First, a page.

Posts Tagged ‘Found Sound’

Kohlhaas Records – 22nd April 2022

Christopher Nosnibor

Simon Whetham’s notes which accompany (II)ntolerance – the sequel to his 2017 collection, InTolerance – are informative, albeit perhaps more so when reading between the lines: ‘InTolerance consisted of a selection of combined scenes and activities in various global locations. Through the process of constructing the piece, it became clear that it was as much about my ability and fortune to be able to travel and cross borders with relative ease as it was about the situations I was able to document. (II)nTolerance is a sequel and a response to InTolerance. It is a personal reaction to the global pandemic and its wide-reaching effects through suffering, fear, misinformation as much as confinement and curfews. It is a personal response to the (somewhat incorrectly named) United Kingdom leaving the European Union and all the resulting events that are continually unravelling.’ He continues: ‘Travel has been limited when not impossible. Cultural exchange is only possible through mobile, online, remote communication. Tactile contact is feared. Families and friends have been divided physically, mentally, politically.’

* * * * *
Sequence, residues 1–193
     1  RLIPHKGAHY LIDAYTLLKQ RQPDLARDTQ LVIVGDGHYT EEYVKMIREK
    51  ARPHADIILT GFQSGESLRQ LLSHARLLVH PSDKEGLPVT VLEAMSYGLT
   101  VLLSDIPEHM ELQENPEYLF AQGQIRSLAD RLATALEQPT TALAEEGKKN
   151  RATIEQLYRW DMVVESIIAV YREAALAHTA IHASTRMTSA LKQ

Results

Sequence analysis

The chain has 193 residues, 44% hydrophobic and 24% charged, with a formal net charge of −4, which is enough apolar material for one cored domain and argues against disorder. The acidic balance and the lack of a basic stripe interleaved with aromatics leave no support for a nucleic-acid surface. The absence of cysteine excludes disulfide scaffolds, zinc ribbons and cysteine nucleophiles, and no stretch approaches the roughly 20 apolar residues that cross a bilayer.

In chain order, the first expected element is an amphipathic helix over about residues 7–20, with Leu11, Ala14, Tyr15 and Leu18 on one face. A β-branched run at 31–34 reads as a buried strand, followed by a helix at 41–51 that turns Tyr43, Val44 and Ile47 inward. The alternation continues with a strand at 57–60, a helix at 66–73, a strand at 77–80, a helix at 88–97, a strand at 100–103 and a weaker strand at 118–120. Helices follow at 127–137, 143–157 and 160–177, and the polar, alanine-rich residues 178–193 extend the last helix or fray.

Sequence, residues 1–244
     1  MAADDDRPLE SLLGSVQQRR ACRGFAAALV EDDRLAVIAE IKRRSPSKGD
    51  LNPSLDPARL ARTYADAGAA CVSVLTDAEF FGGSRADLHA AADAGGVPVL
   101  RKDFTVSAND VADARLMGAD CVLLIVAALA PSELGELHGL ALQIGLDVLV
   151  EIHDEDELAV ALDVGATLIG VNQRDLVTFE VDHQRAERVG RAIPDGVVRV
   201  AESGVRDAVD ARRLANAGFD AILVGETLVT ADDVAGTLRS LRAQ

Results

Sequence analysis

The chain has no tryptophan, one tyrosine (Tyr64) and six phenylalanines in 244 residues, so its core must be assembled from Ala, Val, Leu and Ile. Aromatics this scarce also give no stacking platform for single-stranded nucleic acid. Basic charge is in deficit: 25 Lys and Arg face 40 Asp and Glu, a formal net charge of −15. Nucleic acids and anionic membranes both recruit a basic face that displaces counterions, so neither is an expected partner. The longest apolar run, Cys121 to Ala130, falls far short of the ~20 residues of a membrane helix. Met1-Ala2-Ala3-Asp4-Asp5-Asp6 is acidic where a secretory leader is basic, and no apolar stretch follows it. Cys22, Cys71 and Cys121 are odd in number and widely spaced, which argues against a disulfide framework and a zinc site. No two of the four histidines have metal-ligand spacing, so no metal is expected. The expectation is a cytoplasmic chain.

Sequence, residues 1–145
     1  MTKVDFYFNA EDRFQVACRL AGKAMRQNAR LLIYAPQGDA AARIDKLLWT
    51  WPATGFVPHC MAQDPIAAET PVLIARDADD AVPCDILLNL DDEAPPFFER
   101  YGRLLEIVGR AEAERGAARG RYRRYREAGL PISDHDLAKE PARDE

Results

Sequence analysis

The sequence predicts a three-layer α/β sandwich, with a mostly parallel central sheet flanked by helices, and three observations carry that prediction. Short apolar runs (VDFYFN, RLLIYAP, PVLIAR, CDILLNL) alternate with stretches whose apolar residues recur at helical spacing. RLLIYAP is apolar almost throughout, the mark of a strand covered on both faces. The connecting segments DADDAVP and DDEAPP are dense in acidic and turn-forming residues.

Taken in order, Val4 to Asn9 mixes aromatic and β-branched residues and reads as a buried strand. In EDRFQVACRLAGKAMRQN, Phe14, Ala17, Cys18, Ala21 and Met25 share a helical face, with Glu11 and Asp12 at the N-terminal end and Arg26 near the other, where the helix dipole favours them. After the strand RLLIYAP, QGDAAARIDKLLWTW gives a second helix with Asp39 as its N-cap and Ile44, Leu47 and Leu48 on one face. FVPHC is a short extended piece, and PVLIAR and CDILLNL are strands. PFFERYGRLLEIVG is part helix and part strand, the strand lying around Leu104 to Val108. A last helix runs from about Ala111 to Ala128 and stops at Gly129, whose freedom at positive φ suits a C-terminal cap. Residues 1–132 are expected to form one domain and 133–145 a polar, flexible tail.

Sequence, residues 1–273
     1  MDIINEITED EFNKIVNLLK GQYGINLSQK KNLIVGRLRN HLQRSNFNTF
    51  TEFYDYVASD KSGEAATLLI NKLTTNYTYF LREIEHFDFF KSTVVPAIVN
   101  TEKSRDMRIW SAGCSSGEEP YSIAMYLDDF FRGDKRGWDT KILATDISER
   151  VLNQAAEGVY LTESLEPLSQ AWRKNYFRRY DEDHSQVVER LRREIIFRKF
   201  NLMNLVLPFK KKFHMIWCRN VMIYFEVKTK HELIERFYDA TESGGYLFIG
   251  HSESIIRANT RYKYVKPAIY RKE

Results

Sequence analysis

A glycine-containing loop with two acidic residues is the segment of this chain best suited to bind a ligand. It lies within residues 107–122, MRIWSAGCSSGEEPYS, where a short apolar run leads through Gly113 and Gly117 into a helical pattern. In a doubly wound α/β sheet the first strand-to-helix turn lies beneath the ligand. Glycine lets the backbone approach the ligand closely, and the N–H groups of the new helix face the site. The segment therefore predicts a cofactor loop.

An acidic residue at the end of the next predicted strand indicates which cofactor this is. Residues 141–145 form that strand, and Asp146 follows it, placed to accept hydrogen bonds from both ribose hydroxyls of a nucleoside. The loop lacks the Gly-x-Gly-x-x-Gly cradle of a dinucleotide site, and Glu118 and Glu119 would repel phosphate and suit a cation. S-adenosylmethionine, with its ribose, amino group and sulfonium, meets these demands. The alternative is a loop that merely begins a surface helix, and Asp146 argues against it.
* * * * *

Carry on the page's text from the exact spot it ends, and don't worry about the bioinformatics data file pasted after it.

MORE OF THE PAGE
The pandemic but a block on everyone’s lives, but everyone was affected differently, and while I struggle to find sympathy for those bemoaning their inability to take their 204 kids on their half-term skiing holidays and the like, touring artists who depends on mobility for their livelihood, it’s a different matter, especially as that transit and a shifting geography is integral to the creative process. Reading Whetham’s notes, it’s clear that his obstacles have not been purely pandemic-related: The ‘United’ Kingdom has degenerated into a cesspit of division where not only ‘tactile contact’ is feared, but so is anything from ‘outside’. Never has this felt like a smaller, more isolated, island, and not just geographically.

Tolerance is something many of us – mostly those of us who wanted to remain – can now only dream of, as we hide our faces behind our hands as we peep at Twitter and Facebook, where it’s bordering on a virtual civil war.